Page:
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Water Conservation Tips for the Landscape

We are in the part of the year when we do not receive much rainfall and for many homeowners, watering is a way of life. We are experiencing temperatures in the 80s which means without rainfall, the landscape requires supplemental irrigation. High temperature, high humidity and low rainfall time will result in drought stressed landscape. Homeowners often irrigate their lawns and gardens without being mindful of the limited water supply we have in Florida. Yes, limited in that we have almost 1000 people relocate to Florida daily with no increase in water in water supply. Irresponsible irrigation causes runoff which takes soil which contains pesticides and fertilizer and leads to water pollution. Extra irrigation also increases your water bill. The following tips will help you to reduce the water use in the landscape:

  • Limit Turf Area- Irrigating the lawn always consume the greatest volume of water in the landscape. Reduce the size of the lawn by installing drought tolerant plants.
  • Install Right Plants Right Place- Only install plants that are assigned to our USDA zone 9b. Plants that are planted out of their assigned zone require additional resources. In addition, plants have different sunlight requirements; place sun-loving plants in full sun and shade-loving plants in shade. For example, ferns planted in full sun requires additional water and will appear stressed.
  • Irrigate Efficiently- Turf should be irrigated not more than twice per week and not daily. Deep watering to wet the entire root zone is more efficient. Each week adjust your water use based on temperature and rainfall pattern. Frequent watering encourages plants to have shallow roots which subsequently leads to drought intolerant plants. To further reduce water loss to evaporation, irrigate plants in the cooler hours of the morning before 10 am. Drip irrigation system is more efficient for ornamental plants that are planted closely and organized while sprinklers are ideal for turf.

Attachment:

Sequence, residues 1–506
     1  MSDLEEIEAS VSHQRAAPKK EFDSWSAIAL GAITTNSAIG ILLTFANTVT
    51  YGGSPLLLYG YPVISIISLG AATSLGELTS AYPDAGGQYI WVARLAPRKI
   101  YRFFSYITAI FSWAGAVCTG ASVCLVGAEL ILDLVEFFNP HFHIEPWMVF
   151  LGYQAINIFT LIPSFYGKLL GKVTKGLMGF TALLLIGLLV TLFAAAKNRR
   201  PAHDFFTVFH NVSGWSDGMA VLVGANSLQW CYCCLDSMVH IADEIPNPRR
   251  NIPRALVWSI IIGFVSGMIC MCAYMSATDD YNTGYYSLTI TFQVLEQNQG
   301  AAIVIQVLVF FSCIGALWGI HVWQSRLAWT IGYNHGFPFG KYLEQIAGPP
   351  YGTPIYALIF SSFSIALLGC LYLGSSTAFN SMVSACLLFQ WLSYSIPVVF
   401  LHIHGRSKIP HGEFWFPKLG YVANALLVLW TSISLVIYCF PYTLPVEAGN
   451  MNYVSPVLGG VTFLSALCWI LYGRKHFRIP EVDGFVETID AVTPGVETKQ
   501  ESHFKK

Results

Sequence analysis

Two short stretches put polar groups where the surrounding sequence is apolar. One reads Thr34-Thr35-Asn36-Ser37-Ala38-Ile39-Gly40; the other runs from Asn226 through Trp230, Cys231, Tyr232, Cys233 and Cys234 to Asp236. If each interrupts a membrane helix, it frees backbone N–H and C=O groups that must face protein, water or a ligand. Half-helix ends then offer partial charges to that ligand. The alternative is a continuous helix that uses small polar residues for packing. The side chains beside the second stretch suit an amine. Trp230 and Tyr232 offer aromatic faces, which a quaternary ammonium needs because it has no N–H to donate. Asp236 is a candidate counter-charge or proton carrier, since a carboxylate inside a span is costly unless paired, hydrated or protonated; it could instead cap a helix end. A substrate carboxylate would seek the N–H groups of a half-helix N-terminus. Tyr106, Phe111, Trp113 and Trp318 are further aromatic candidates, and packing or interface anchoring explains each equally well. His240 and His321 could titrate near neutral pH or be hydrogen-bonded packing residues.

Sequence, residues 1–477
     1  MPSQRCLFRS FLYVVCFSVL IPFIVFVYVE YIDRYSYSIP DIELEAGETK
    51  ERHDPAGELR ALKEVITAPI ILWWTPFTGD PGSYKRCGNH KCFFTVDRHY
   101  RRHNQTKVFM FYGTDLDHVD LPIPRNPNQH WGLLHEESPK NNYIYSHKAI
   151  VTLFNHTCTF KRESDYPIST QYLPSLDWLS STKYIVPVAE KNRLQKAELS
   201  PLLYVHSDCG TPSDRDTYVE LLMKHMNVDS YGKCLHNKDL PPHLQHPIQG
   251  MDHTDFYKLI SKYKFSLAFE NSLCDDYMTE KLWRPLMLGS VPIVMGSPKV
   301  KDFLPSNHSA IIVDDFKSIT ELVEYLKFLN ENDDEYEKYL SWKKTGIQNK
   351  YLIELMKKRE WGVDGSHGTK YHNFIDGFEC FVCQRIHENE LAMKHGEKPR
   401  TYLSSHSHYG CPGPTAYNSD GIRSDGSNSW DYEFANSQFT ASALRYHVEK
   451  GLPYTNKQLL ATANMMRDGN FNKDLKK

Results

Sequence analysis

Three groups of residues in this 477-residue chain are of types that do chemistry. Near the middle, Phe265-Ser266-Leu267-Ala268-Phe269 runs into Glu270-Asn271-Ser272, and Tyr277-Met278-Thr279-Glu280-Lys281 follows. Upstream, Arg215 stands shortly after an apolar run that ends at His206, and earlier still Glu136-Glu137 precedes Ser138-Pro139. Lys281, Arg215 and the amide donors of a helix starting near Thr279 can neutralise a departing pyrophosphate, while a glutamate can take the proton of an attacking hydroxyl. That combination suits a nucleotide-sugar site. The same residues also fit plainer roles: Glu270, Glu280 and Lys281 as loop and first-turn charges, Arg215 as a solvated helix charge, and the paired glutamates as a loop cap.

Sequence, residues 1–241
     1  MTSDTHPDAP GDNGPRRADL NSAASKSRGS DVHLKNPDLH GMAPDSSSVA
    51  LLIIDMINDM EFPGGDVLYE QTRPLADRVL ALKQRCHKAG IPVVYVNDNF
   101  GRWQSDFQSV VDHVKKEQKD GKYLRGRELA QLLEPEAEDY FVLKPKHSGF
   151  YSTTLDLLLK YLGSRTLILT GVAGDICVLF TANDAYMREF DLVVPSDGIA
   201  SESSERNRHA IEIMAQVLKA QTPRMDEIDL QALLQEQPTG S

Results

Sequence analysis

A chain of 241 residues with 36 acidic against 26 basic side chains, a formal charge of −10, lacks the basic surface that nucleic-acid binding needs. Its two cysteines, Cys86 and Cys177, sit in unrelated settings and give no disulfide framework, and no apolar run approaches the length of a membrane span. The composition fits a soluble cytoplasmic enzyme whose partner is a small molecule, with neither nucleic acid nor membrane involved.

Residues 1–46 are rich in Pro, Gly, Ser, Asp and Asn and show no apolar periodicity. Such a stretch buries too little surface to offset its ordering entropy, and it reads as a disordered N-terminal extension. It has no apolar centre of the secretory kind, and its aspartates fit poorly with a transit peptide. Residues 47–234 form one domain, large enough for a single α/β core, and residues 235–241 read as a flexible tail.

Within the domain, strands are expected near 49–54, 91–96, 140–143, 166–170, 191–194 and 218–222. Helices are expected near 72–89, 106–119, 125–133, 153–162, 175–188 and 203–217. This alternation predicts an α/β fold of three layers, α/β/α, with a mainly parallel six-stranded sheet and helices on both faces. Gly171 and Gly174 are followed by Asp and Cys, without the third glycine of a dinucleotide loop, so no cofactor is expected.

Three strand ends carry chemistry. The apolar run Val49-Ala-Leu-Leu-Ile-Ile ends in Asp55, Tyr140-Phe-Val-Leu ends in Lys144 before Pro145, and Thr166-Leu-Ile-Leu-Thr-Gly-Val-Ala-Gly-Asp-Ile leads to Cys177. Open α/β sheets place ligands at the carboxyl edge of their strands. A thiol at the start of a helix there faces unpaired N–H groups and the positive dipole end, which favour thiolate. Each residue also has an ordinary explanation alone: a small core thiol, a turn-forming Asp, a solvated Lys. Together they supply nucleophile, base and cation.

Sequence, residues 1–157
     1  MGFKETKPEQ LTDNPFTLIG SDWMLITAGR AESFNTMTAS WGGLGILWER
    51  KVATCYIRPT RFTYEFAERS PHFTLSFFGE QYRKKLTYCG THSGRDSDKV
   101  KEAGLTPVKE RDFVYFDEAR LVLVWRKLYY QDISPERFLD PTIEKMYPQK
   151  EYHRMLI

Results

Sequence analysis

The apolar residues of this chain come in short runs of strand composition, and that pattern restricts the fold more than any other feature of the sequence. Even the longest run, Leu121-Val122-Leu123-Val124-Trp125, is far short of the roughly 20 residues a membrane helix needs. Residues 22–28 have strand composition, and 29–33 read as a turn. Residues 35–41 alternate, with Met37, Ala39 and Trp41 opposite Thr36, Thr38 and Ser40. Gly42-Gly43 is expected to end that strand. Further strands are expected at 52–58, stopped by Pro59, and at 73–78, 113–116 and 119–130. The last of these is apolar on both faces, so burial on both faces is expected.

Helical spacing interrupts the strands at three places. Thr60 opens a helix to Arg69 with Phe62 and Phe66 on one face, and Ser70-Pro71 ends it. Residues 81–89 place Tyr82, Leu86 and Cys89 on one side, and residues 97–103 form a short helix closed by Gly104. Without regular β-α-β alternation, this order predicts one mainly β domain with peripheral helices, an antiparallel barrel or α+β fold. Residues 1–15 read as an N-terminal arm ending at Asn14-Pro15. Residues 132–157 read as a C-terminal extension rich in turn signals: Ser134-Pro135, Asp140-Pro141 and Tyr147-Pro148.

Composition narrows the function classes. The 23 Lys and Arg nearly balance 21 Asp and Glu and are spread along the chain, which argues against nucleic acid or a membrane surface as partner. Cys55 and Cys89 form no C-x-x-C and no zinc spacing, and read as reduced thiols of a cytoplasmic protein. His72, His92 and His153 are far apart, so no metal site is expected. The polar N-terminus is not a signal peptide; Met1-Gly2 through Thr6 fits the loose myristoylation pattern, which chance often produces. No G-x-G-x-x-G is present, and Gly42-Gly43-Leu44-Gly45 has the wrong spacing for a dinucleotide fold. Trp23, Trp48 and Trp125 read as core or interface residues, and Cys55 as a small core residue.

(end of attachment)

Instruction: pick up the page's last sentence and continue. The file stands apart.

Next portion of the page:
• Mulch- Placing a layer of 2-3 inches of mulch is a very efficient way of conserving moisture around the plants. Mulching maintains a cool soil temperature and protects the roots from the heat of the summer sun. Mulch can be a safe harbor for insects and causes the tree trunk to stay wet which will encourage disease, so it is a good practice to keep mulch a few inches from the trunks of the trees.
  • Appropriate Maintenance- We do not recommend heavy pruning during the summer; it will encourage new plant growth and increase the demand for water. Overuse of fertilizer leads to increased growth and increased need for water. Turf should not be fertilized during time of drought. Fertilization increases the need for additional water and subsequently increase the need for mowing. Mow lawn at an increased level during drought; this reduce the growth rate and water requirement.

For more information on water conservation and other topics related horticulture topics, contact Grantly Ricketts at gricketts@ufl.edu or call 321-697-3000.

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